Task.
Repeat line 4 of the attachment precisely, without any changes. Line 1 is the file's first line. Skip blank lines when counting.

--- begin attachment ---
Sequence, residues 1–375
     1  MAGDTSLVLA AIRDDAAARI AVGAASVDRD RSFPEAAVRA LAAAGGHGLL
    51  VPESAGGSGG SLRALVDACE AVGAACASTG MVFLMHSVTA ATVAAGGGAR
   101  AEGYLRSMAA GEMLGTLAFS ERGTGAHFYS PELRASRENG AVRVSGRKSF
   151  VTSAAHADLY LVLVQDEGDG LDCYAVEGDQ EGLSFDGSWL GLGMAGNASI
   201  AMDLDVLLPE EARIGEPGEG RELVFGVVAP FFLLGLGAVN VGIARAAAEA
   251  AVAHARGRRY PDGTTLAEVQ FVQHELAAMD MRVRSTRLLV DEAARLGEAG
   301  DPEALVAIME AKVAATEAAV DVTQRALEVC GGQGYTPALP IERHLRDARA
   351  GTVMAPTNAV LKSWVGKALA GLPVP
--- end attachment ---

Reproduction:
   101  AEGYLRSMAA GEMLGTLAFS ERGTGAHFYS PELRASRENG AVRVSGRKSF